Although spring showers haven’t exactly pierced the drought of March to the root—in fact, winter’s coming on fast—I am inspired to write about The Canterbury Tales. Why? Because it’s a blast to teach in my British Literature class! Yes, you heard me right. An “old, moldy” classic is a blast to teach! So without further ado I give you five reasons to teach this entertaining (and sometimes raunchy) classic! The Canterbury Tales perfectly captures the emergence of the Middle Class. Many great works of literature perfectly capture a particular time period. When Geoffrey Chaucer wrote The Canterbury Tales, the Middle...
Most people probably wouldn’t equate Moby Dick with fun, but it’s honestly my favorite work to teach. Here are ten reasons why.
Teaching Early American Literature isn’t easy. Native American literature covers many different tribal traditions and customs, so where do you start? Even those who deeply respect the Puritans, probably can’t categorize their writings as “fun.” And the more you learn about the first explorers here in America, the more you seem to dislike them. So why not just skip America’s early years? Aren’t they just our country’s awkward transition time? Well, not exactly.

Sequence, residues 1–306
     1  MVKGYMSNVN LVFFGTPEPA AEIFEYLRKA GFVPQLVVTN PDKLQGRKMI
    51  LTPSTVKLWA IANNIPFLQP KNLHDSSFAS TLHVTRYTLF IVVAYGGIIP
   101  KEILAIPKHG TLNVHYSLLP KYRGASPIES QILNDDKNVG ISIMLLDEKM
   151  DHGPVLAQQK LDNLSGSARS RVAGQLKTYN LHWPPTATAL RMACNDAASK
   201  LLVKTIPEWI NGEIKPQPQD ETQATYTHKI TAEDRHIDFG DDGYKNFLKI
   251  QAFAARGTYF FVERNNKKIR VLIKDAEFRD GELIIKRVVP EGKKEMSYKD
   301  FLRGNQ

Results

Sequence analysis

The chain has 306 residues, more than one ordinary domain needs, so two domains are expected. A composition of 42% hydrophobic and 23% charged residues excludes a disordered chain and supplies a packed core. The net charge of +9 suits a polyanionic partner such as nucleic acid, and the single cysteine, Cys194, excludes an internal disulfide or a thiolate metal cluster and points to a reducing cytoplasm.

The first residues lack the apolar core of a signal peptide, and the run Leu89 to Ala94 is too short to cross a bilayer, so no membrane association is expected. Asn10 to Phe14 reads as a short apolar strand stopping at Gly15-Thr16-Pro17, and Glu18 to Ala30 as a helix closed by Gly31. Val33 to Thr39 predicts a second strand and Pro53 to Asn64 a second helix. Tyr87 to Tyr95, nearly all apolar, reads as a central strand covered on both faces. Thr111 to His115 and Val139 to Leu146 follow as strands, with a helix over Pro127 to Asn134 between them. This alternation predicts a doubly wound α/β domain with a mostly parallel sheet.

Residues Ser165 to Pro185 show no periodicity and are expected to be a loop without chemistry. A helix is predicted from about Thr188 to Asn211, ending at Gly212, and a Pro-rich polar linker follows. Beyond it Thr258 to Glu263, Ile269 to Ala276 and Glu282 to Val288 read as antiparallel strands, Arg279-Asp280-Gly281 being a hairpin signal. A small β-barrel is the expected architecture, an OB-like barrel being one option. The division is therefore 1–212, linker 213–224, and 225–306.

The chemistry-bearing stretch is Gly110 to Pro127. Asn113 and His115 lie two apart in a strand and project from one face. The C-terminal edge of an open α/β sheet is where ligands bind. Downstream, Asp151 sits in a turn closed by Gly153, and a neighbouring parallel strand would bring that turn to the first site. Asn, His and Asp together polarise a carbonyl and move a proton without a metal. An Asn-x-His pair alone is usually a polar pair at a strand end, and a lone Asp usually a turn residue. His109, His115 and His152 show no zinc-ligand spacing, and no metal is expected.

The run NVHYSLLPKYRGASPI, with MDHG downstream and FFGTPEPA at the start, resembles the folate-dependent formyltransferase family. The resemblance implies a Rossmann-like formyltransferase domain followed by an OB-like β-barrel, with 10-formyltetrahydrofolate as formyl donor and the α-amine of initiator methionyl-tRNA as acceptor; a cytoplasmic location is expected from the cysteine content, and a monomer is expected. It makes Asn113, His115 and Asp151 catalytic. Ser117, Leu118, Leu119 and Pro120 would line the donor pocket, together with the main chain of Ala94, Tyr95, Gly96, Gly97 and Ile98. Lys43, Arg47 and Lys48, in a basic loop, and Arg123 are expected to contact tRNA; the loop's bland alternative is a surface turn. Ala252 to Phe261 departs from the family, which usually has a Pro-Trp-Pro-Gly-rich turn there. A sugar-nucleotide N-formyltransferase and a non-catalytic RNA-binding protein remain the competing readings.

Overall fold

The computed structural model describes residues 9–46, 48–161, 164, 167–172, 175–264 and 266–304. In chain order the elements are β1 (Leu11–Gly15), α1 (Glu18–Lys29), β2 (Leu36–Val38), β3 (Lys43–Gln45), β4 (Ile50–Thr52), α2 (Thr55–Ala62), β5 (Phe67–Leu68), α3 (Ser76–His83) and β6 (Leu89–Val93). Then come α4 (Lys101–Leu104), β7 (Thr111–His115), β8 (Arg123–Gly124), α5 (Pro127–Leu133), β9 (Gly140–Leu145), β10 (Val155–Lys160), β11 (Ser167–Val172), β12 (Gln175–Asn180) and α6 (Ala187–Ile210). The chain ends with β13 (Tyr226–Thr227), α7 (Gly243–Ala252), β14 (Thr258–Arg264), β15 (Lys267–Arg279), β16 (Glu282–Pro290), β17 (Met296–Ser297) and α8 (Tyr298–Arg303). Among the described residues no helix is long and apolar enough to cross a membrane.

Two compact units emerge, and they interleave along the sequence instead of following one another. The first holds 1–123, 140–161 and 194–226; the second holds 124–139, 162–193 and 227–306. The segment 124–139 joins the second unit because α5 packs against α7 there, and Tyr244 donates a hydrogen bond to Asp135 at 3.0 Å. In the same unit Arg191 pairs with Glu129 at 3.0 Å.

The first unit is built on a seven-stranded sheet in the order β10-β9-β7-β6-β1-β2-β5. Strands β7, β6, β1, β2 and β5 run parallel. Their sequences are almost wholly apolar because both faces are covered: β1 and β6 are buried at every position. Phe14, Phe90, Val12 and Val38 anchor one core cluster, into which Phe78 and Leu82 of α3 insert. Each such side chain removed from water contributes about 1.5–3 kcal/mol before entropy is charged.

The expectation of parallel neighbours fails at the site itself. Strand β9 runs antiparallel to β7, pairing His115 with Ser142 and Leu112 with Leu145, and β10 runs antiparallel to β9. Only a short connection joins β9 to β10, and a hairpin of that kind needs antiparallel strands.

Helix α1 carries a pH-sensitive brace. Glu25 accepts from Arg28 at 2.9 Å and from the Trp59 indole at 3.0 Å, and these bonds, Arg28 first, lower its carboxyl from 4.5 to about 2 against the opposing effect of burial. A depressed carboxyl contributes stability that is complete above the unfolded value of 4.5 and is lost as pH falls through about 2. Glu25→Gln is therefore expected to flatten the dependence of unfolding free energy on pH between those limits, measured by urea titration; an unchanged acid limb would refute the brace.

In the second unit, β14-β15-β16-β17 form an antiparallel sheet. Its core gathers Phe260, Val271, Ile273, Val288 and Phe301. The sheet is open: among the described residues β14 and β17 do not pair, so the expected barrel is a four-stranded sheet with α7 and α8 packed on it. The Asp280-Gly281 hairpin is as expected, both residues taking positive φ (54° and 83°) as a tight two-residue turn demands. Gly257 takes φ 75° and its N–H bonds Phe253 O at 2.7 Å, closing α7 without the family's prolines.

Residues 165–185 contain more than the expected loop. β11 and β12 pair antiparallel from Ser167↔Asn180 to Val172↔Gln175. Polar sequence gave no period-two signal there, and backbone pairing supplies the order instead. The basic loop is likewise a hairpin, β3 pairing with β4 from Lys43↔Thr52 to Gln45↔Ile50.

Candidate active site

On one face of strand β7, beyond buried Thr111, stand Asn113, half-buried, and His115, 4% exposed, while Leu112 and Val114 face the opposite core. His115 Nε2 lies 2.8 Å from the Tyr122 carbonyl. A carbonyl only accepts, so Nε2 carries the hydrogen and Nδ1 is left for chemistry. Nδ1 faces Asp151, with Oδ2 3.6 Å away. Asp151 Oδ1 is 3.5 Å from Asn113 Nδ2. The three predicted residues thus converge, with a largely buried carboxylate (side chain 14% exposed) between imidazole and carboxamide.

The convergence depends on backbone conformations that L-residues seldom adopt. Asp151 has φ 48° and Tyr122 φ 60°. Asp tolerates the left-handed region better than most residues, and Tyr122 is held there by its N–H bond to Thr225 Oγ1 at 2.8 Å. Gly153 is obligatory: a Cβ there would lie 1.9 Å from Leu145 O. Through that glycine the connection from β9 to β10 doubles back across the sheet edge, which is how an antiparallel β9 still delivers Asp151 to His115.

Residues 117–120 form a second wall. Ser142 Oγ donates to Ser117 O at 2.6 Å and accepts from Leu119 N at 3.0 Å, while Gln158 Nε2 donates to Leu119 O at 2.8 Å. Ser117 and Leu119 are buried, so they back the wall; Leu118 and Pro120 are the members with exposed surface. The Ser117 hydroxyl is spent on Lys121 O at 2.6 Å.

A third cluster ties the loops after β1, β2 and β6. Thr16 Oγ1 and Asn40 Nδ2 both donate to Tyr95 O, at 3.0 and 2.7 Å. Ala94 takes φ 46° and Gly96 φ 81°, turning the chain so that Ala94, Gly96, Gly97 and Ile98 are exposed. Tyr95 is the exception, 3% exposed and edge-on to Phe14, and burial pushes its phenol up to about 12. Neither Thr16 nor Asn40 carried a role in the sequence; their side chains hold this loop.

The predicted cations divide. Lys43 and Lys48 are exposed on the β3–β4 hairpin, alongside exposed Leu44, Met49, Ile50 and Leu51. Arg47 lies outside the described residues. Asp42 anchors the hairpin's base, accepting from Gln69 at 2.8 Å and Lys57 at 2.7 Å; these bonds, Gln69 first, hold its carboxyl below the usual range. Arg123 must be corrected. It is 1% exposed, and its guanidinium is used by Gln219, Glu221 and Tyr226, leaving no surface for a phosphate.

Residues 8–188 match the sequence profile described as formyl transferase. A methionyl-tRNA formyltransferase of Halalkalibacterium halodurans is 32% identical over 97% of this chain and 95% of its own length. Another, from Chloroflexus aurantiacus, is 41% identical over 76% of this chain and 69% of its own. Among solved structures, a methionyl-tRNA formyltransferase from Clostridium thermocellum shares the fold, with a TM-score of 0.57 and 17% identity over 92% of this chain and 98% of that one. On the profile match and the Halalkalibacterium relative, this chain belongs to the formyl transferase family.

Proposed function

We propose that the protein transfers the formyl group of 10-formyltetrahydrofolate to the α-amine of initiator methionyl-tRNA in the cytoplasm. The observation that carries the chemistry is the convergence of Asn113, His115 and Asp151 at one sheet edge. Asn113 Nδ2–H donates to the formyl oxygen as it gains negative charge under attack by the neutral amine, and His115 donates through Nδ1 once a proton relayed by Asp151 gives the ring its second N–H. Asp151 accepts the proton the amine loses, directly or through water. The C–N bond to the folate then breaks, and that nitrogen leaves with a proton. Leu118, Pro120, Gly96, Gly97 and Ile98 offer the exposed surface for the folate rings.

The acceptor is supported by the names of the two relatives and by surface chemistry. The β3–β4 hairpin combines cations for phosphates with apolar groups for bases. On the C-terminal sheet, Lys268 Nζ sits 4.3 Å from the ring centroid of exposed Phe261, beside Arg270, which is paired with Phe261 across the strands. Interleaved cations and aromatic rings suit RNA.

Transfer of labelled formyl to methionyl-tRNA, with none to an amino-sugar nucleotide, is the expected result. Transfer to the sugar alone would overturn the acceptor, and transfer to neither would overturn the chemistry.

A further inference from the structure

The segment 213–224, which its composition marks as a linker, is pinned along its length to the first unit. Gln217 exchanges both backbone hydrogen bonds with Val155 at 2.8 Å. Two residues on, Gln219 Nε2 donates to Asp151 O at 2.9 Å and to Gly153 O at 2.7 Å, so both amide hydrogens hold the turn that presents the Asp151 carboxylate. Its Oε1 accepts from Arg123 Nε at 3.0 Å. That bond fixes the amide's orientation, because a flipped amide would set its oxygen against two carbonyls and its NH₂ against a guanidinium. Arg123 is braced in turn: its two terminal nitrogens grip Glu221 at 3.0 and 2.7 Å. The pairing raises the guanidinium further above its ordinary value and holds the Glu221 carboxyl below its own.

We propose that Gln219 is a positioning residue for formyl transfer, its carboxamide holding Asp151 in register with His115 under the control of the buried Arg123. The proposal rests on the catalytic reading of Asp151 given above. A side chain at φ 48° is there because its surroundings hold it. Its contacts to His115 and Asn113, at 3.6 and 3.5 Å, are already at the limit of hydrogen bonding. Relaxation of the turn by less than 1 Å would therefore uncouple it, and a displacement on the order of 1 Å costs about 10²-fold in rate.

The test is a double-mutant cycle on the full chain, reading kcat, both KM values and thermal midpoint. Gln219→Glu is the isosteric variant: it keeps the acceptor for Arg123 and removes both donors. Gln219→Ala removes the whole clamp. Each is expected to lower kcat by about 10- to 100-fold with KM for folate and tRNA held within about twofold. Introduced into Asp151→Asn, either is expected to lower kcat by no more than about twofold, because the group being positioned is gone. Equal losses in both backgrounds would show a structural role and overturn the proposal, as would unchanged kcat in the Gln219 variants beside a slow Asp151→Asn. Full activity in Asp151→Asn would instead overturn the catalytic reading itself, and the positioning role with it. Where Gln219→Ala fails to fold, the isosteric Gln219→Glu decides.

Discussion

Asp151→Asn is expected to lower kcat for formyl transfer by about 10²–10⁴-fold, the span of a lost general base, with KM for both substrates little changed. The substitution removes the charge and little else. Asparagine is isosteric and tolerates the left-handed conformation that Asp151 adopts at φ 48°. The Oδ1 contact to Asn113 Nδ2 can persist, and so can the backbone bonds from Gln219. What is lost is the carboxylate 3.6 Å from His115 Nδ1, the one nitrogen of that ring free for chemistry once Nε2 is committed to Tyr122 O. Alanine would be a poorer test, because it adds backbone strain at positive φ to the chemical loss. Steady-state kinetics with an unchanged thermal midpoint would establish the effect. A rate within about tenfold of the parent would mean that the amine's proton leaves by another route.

Medieval British Literature might not be your thing, but it’s time to give the Pearl Poet’s masterpiece Sir Gawain and the Green Knight a second look! Here are five reasons to teach Sir Gawain and the Green Knight.
A trip through Hell may seem like an awkward topic to navigate, but don’t abandon hope all ye who enter here: Teaching the Inferno is one of my favorite units of the year. So here are five reasons to teach Dante’s Inferno.